Teething Pain: The first tooth usually makes it's appearance around the age of 6 months. However, this can vary from baby to baby. Some babies have been born with teeth and others the first tooth may not appear until they are over a year old to about 15 months of age. Teething can be especially uncomfortable for your baby. The gums can become swollen and sensitive at the tooth site while the tooth is working its way out of the gum. The baby may experience a mild fever, fussiness, crying, more drooling than usual and may want to put every thing in his or her mouth to chew on. Luckily for all concerned, teething discomfort usually last for only a few days or so. A chilled teething ring and teething gel can help numb the gum with a tooth that is unusually uncomfortable for your baby.

Colic:Many of us have stayed up nights tending a colicky baby who is constantly crying and is uncomfortable from a tummy ache. There are many things that may be the cause of colic. It may be caused by some retention of meconium has occurred in a newborn's intestines (the dark sticky stuff in the baby's intestines that is usually pooped out the first few days to week after the birth). It may be a temporary blockage or something in the breastmilk or formula that simply does not agree with the baby's sensitive digestive system. It sometimes occurs with babies when they are introduced to new foods that their bodies are not used to or for which they are not ready. The Academy of American Pediatrics recommend waiting until your baby is about 6 months old before introducing him to new foods besides breastmilk or formula. Typically, a baby's first food is a little iron-fortified infant rice cereal mixed with breast milk or formula. Introduce new foods one at a time to see how your baby handles it and see if there are any problems with that particular food. This will prevent tummy aches and enable you to pinpoint problem foods. Avoid commercial baby foods that contain salts, sugar and thickening agents and preservatives. A good baby-food cookbook to make your own baby foods is a good investment. If your baby is still on breastmilk alone, check your own diet for problem foods (see under Hunger) and eliminate them from your diet. If your baby is on formula, you may need to change the formula to another brand. Consult with your health care provider for recommendations.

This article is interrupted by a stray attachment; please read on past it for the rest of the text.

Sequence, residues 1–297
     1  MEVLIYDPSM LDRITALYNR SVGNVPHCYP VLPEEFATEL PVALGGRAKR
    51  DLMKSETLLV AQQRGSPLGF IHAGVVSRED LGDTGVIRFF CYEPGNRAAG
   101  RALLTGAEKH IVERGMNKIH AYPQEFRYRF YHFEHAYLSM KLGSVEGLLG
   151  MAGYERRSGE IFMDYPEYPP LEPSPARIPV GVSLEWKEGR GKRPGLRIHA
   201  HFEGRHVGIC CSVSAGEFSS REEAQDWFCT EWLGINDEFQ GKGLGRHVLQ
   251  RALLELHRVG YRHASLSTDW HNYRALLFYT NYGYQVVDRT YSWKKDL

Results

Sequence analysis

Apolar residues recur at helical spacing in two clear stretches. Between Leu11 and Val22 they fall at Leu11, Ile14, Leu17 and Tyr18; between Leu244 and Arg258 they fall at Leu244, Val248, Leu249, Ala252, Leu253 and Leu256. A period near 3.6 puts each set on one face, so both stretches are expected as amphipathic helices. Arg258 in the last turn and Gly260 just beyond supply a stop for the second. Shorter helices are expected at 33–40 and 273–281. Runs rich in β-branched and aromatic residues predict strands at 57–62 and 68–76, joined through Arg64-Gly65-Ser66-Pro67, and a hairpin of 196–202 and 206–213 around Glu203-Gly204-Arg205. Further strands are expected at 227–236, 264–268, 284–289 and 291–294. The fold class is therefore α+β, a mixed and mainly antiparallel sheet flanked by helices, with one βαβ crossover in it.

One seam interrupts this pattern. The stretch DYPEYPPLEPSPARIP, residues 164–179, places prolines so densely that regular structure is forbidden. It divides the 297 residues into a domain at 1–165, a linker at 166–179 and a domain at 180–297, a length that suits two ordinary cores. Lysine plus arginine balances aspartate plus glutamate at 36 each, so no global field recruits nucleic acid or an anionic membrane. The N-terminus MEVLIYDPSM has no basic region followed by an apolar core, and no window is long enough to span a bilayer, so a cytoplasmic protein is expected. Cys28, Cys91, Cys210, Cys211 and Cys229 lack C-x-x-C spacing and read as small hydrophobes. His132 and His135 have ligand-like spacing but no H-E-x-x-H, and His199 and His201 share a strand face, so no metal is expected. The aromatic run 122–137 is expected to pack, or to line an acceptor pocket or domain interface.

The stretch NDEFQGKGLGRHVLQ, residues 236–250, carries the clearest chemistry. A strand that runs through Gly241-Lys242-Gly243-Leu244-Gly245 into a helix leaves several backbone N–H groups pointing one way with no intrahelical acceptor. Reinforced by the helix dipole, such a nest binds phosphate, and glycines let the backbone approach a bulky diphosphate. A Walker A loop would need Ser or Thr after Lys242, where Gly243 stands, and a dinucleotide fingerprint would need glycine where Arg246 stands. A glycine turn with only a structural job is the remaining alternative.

MoonDragon's Infant Diet: Birth To 12 Months Feeding Your 4 to 7 Month Old

If your baby cries inconsolably for long periods every day, particularly at the same time each day, he or she may have colic. Researchers are still unsure of colic's exact cause. Some experts believe that colic is related to the immaturity of a baby's digestive system. Whatever the cause, and it may be a combination of all the theories; colic is among the most exasperating conditions that parents of new babies face. Colic occurs only to newborn babies, up to about four to five months of age. Invest in a baby sling or carrier and use it during colicky periods. Hold your baby with her legs curled up toward her belly. Massage your baby's tummy, or give him a full body massage. Lay your baby tummy down across your lap and massage or pat his or her back. Hold your baby in a rocking chair, or put him in a swing. Walk with Baby in a quiet, dark room while you hum or sing. As a last resort, ask your health care provider or midwife about medications or other remedies available for colic and gas. See Tips below for more suggestions.